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Marco Bagnoli, Domenico Bianchi, Remo Salvadori: From the Olnick Spanu Collection @ Hillyer Art Space

  • Hillyer Art Space 9 Hillyer Court Northwest Washington, DC, 20008 United States (map)

Marco Bagnoli, Domenico Bianchi, Remo Salvadori: From the Olnick Spanu Collection @ Hillyer Art Space





OPENING RECEPTION: Friday, May 5, 6-9pm

ON DISPLAY: May 5 – July 2, 2017

Nancy Olnick, Giorgio Spanu, the Embassy of Italy and the Italian Cultural Institute in Washington DC are pleased to announce the opening of the exhibition Marco Bagnoli, Domenico Bianchi, Remo SalvadoriFrom The Olnick Spanu Collection, on view at the Hillyer Art Space in Washington DC from May 5 through July 2, 2017.

This exhibition presents three artists from the Olnick Spanu Collection who will also be part of the inaugural exhibition at Magazzino Italian Art, a new warehouse art space located in the Hudson Valley, NY.  Dedicated to Post-war and Contemporary Italian Art, Magazzino will open to the public by appointment on June 28th, 2017.

For the exhibition at Hillyer Art Space, Nancy Olnick and Giorgio Spanu have selected Bagnoli, Bianchi and Salvadori, whose work is imbued with the illustrious history of Italian art as well as a profound understanding of today's world and man’s search for meaning. These artists represent the next generation, following the Arte Povera movement, who continue to explore the human condition and the greater cosmos, and are an example of the artistic talent flourishing in Italy today.

We hope this exhibition will serve to inform the US audience of the relevance of Contemporary Italian Art as well as present 3 influential artists who are lesser known in the United States.

This event is presented in collaboration with Hillyer Art Space, a program of International Arts & Artists. 



ON DISPLAY: MAY 5 - JULY 2, 2017

EXHIBITION INFO: (Mon 12-5pm, Tue-Fri 12-6pm, Sat 12-5pm, Sun 11am-5pm)



Hillyer Art Space
9 Hillyer Court, NW, 
Washington, DC 20008



The Olnick Spanu Collection

Established by art advocates Nancy Olnick and Giorgio Spanu, The Olnick Spanu Collection is one of the most expansive collections of Post-war Italian Art and Design in the United States. In development since the early 1990s, the collection centers on works by conceptual and contemporary Italian artists with a strong focus on artists associated with the Arte Povera movement. In addition, the Olnick Spanu Collection includes a thoughtfully curated collection of Murano Glass, a breathtaking tribute to design, color and light, featuring over 500 hand-blown works from the 20th and 21st century. 

Marco Bagnoli

Born in Empoli in 1949 , Bagnoli has long been a presence at major international exhibitions including the Venice Biennial (1982, 1993,1997), Documenta in Kassel (1982 and 1992), and Sonsbeek in Arnhem (1986). From the mid-1970s to today, Marco Bagnoli has had solo exhibitions at prominent institutions like De Appel, Amsterdam (1980 and 1984), Centre d’Art Contemporain, Geneve (1985), Castello di Rivoli (1992), Centro per l’Arte Contemporanea ‘Luigi Pecci’, Prato (1995) and Madre, Naples (2015). He pursues his own very personal path, creating site-specific installations in places of exceptional artistic, architectural, religious and spiritual value. His works can be found in important international collections.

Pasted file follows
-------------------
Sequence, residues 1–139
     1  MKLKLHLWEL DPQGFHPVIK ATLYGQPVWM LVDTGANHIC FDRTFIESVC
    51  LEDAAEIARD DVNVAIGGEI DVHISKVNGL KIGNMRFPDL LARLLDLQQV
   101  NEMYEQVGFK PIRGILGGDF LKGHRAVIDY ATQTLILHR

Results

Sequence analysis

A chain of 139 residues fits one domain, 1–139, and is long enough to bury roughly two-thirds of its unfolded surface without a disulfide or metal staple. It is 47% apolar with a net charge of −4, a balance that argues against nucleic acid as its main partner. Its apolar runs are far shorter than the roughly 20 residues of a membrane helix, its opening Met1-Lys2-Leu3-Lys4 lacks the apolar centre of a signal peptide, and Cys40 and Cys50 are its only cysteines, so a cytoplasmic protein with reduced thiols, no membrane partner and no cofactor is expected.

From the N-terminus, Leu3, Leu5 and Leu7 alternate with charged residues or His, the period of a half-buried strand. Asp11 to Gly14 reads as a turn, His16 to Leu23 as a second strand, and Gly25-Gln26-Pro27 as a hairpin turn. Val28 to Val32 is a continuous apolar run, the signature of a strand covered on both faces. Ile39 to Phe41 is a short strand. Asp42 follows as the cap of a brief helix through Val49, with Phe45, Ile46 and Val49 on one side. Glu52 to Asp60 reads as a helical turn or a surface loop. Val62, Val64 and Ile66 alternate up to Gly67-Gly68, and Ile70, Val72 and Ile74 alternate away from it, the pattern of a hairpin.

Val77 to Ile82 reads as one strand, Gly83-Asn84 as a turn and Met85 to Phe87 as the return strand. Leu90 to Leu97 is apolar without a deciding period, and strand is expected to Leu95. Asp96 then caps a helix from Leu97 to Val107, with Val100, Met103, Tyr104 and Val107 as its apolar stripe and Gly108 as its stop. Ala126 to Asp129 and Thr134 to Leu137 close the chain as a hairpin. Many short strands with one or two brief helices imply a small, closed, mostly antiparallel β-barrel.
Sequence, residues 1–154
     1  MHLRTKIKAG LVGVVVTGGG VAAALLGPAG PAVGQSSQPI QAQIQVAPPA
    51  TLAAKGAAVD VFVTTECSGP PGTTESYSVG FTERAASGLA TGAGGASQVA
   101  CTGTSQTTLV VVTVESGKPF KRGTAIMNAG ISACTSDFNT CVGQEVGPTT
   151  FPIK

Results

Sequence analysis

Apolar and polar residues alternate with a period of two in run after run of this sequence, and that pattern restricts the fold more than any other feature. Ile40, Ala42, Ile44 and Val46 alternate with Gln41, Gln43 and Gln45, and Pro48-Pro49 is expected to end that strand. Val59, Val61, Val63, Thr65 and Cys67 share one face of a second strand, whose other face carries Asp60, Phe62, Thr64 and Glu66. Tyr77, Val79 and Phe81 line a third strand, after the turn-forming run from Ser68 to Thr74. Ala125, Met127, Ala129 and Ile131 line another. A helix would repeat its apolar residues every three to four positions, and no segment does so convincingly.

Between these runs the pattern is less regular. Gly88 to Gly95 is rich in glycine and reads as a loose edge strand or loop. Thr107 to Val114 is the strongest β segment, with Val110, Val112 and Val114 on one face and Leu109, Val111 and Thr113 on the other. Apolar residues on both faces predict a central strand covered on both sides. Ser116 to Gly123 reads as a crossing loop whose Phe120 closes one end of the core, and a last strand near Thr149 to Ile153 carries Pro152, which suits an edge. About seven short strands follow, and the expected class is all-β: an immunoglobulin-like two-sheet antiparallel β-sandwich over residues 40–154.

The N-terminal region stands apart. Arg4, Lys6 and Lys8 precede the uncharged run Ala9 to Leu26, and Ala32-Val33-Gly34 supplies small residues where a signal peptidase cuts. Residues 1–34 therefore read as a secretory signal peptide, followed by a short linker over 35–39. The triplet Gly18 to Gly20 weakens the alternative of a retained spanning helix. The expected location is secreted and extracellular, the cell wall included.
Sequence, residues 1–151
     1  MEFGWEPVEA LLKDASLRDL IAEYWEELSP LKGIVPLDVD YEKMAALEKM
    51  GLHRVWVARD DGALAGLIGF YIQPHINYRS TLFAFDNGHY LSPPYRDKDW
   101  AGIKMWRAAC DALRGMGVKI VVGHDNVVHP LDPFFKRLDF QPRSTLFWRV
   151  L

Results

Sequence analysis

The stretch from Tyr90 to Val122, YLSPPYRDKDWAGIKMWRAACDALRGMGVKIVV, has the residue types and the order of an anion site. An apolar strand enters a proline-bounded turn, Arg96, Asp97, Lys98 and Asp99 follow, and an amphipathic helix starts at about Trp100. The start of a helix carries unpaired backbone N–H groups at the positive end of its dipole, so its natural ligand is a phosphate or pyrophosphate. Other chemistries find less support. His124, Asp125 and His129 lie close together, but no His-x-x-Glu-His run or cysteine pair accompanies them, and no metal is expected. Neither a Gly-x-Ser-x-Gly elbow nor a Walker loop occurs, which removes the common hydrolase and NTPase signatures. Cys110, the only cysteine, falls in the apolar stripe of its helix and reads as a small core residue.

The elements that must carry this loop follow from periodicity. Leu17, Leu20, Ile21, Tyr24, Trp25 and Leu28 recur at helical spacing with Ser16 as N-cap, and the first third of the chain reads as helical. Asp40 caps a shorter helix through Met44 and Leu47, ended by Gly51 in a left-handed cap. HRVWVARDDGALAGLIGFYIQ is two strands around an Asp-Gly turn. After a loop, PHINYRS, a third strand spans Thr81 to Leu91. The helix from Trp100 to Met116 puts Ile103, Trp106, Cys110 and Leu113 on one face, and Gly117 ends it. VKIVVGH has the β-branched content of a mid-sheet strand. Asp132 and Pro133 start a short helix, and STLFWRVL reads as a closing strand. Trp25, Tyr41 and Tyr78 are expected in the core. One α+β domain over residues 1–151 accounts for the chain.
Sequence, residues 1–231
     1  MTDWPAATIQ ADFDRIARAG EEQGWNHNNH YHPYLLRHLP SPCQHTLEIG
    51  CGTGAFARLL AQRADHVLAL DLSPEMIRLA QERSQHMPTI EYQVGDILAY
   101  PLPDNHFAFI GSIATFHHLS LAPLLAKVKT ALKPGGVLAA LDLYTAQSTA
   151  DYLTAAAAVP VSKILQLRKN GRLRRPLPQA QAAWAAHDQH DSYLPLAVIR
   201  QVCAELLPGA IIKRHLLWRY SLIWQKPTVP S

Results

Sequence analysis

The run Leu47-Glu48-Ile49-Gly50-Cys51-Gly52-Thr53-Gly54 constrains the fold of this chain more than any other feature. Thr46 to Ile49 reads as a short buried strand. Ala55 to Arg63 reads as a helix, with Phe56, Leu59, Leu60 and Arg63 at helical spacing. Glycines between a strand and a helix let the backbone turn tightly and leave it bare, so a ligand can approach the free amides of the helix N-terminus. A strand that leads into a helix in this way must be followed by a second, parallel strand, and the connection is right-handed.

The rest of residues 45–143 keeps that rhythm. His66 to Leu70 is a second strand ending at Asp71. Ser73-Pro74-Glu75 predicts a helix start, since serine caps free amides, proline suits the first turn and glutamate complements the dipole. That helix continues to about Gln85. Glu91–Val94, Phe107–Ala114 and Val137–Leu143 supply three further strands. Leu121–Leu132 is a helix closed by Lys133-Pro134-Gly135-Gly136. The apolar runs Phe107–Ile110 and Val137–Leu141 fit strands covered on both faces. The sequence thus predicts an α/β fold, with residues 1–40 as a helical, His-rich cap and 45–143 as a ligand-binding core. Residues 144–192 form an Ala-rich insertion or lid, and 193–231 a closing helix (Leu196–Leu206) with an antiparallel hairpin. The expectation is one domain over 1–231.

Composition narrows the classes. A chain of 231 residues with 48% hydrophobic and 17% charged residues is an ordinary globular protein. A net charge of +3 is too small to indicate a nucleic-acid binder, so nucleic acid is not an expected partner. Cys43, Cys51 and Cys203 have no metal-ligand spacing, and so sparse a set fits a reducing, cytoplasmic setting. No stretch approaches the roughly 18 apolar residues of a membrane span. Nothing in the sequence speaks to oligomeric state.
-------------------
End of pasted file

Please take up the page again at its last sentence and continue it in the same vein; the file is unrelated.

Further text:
Domenico Bianchi

Born in Rome in 1955, where he lives and works today, Bianchi attended the city’s Accademia di Belle Arti, and at age 22 made his debut with a solo exhibition at Salvatore Ala Gallery in New York. In the years that followed, his work was shown at the Galerie Swart in Amsterdam, Yvon Lambert in Paris, Gian Enzo Sperone in Rome and New York, L.A. Louver Gallery in Los Angeles and Galleria Christian Stein in Turin and Milan. Bianchi’s first museum exhibition was at the Museo of Rivoli in 1989. He exhibited in the Italian Pavilion at the 45th Venice Biennale (1993), in Arte e Alchimia at the 42nd Venice Biennale (1986), and at Aperto 84 at the 41st Venice Biennale (1984). 

Remo Salvadori

Born in Cerreto Guidi, near Vinci in the province of Florence, in 1947, Salvadori currently lives and works in Milan. An exponent of the generation following Arte Povera and Conceptual Art, Salvadori opens up a new space in the conception and formulation of the work, in which art is experienced as a “revelation”. The attention directed toward time and space in his work, as in his own life, intersects with reflections upon the essence of color, on the nature of pure metal, and on the role of the observer. Salvadori’s important solo exhibitions include those at the Fondazione Querini Stampalia, Venice (2005); Centro per l’Arte Contemporanea Luigi Pecci, Prato (1997); Magasin, Centre National d’Art Contemporain, Grenoble (1991); and the Italian Cultural Institute and The Art Gallery of Ontario, Toronto (1987).